Traffic rules


Traffic rules are there for traffic to function without major problems, and road signs

are not placed randomly, they are carefully placed where there can be dangers.

A normal person can only absorb between 2-4 signs at once, and unfortunately it is usually the least important we perceive first. 

An experienced professional driver may possibly perceive up to 6 signs.

That is something traffic planners have to think about, put out the most important signs closest to a crossing, and the others a little before. Preparatory signs are always good, such as signs that tell you that soon a crossing or a sharp curve will come. etc.

If there is a sign that the speed is 50 then run in 50 for then there is certainly a reason for it. There may be settlements and there are always children who can suddenly run out of the way. Or it can be a sharp curve or something else that means that the traffic planner has reduced the speed. If you do not care about it, but continue to drive at a high speed, you must expect an accident.

In my home country, an elk can suddenly run up in front of the vehicle, and in some areas of Thailand an elephant can come up on the road. And it's not that fun to crash into an elephant in 90 km/h. But at such places the traffic planner has lowered the speed and even if there was no elephant when you drove past there, it does not mean that there will be no next time either.

If you drive in the mountains around Chiang Rai then you have to count on wet asphalt, where it can be cold and slippery on the road. Wet road with falling leaves creates unpleasant slip.

Learn to read the road

If the road shines in the sunshine then count on a slippery road. It doesn't have to be snow and ice, it can be wet by rain too.

Keep your eyes as far forward on the road as you can so you get the best wide angle and you can see upcoming curves and slopes.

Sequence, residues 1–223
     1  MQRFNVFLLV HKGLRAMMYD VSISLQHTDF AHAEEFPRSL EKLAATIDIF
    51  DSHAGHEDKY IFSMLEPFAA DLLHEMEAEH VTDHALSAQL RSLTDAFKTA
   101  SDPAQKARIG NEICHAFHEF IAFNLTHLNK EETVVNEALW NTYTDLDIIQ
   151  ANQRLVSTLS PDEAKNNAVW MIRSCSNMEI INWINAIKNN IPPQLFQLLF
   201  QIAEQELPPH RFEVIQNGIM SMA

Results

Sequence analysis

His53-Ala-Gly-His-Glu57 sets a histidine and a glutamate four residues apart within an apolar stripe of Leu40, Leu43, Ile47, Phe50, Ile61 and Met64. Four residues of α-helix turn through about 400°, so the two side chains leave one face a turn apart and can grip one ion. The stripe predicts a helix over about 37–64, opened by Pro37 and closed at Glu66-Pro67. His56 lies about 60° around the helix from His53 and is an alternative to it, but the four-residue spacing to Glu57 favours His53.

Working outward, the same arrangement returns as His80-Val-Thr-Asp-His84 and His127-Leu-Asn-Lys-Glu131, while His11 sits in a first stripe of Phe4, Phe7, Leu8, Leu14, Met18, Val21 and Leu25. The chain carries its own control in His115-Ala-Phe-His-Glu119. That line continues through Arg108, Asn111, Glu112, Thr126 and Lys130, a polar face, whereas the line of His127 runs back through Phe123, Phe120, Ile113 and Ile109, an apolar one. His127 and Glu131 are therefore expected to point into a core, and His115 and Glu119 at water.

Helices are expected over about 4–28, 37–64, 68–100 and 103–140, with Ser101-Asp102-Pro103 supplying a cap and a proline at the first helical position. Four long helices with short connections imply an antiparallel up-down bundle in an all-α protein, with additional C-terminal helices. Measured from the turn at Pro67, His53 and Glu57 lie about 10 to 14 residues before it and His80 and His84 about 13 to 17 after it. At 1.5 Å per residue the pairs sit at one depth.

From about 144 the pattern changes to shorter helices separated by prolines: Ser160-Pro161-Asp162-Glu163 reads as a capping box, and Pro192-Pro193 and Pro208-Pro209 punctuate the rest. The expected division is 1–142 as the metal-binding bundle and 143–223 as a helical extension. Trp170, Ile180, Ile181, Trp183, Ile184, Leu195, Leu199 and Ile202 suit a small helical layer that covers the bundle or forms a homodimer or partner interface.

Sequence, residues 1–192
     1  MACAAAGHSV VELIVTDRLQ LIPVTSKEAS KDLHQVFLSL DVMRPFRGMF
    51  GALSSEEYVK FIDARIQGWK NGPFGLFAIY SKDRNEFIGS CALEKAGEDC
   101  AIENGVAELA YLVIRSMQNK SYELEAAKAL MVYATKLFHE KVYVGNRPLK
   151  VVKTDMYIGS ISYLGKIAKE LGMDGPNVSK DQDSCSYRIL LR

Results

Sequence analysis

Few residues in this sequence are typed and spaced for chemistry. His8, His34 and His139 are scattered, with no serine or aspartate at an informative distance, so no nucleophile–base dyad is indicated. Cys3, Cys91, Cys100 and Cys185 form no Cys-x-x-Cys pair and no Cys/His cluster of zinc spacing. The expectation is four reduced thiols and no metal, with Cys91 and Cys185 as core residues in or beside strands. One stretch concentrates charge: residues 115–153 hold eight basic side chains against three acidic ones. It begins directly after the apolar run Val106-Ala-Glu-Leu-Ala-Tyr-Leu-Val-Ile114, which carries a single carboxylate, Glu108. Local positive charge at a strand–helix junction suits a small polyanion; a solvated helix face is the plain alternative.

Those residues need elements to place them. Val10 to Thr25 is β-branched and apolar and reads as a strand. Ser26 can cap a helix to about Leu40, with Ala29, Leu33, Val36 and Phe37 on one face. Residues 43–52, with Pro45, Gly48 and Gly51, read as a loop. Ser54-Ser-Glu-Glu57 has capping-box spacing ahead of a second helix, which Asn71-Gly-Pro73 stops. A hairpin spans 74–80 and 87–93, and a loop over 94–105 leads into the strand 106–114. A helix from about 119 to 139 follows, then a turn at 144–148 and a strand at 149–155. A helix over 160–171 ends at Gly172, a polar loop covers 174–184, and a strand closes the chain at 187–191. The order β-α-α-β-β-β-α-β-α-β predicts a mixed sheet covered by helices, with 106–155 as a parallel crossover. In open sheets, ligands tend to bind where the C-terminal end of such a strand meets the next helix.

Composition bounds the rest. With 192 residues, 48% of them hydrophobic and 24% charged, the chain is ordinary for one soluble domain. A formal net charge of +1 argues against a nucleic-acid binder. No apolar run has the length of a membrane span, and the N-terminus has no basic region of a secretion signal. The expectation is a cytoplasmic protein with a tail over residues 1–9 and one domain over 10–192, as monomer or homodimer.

If you drive in the dark then you should slow down a bit, because much of what you see in daylight disappears in the dark. Search for headlights both in front of you, behind you and from sideways.

In Thailand, it is left-hand traffic, but if there are more than two files in the same direction, the majority drive the right-hand traffic, this creates unnecessary problems in traffic, when drivers are forced to drive on the wrong side.

Motorcycles have their own file to the far left of the main roads, it is both good and bad. Good because we do not have to suffer from behind. Poor because that file is used by many others, such as parked vehicles, sales outlets, oncoming vehicles, slow vehicles, wild dogs, walking people, bicycles, and many have no lighting, in addition, there are often falling branches from the trees. So it's not that fun to use that file, especially not in the dark. But then there are other drivers who themselves appointed themselves to police and make tight overtaking to show that we are driving the wrong file on a motorcycle. Although there are no other vehicles on the road. I use that file during the day if there is a lot of traffic, but never at night. The tight overtaking is very dangerous and only shows that the driver in the overtaking car is a very bad driver.

The traffic police in Thailand are very good, better than many claim. Often foreigners have problems with the traffic police. But if you follow the regulations, they are very helpful and pleasant. If you try to circumvent laws just because you are a foreigner, you get problems. And just as it should be, if the traffic is to be safe.

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